With NCSAM in its second week, the focus is on ensuring that all of us—from consumers to developers to manufacturers—maintain safe mobile and connected behaviors and ensure that all of the products we use and rely on are as secure as possible. While the device developers are obviously the first step in producing a secure product, it falls to the individual user to make sure that nothing sensitive is put out there for hackers to harvest. By working together on IT security, we can prevent many of the large scale breaches that have already plagued 2014.

 

If you found this information helpful, you may want to consider taking part in the Identity Theft Resource Center’s Anyone3 fundraising campaign.  For more information or to donate please visit http://www.idtheftcenter.org/anyone-3.

One of the touchiest subjects concerning the use of technology in any workplace has got to be the policies concerning social media use and private account use. With the rise in popularity of bring your own device initiatives, some managers and supervisors have wondered about the legality of blocking certain websites or issuing mandates against certain online behaviors in the workplace. But there are plenty of good reasons to have a cautious policy in place, and even better reasons to make sure that everyone is on board.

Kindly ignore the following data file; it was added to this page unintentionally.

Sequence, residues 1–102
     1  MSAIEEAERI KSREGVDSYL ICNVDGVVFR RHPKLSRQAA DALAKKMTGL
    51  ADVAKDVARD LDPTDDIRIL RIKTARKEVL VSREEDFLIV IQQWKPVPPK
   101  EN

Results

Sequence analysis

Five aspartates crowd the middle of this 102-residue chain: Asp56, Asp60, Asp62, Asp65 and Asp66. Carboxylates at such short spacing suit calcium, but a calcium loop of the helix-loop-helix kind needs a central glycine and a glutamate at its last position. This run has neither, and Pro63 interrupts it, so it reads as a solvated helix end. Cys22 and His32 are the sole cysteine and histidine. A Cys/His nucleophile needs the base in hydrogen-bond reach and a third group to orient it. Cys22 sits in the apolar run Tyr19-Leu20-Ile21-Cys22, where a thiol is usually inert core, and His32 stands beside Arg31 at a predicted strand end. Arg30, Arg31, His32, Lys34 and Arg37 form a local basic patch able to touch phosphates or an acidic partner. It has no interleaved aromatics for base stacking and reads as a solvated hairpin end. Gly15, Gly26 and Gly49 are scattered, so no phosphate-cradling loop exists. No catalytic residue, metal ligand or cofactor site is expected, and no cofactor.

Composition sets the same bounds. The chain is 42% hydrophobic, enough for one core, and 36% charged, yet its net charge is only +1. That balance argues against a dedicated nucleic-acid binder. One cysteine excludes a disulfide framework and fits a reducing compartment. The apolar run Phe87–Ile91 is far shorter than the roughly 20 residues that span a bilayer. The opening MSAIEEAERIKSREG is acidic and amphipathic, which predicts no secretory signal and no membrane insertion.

Part of the goal of National Cyber Security Awareness Month is to make sure that companies have sound antivirus and anti-malware software in place, but also that they’re protecting their networks through clear policies on workplace cyber safety.

The very first problem with internet policies in the workplace might be the way they’re presented. Instead of focusing on the need for protecting valuable equipment, keeping IT protocols secure, and protecting employee and customer data, too often these policies spread a different message: you’re a lazy employee who would play on Facebook all day if we weren’t watching you.

If there’s an employee in your company who would spend hours at a time engaging in personal use of social media while on the clock, you have a problem that an internet filter won’t solve. Block the social media sites, and it will be solitaire or Candy Crush instead. But creating an environment in the workplace that practically accuses the entire staff of being dishonest isn’t the approach you want to take, especially not when your technology and sensitive data are at stake.

Simply outlawing or blocking social media, YouTube, personal emails, and similar internet use obviously sends the wrong message throughout your company. It’s hurtful and a largely inaccurate description of your workforce. Unfortunately, that seems to be the tactic that too many bosses take with social media use, while ignoring the very real purposes that social media serves. Now that sites like Facebook are a significant part of our culture, schools and teachers send messages to their class groups through the site, companies send out one-day-only specials through their pages, even news outlets and law enforcement agencies send out important updates through messages posted to their walls. Simply stating that social media is forbidden on company time is not only degrading and disruptive, it can lead to “sneaking” behaviors.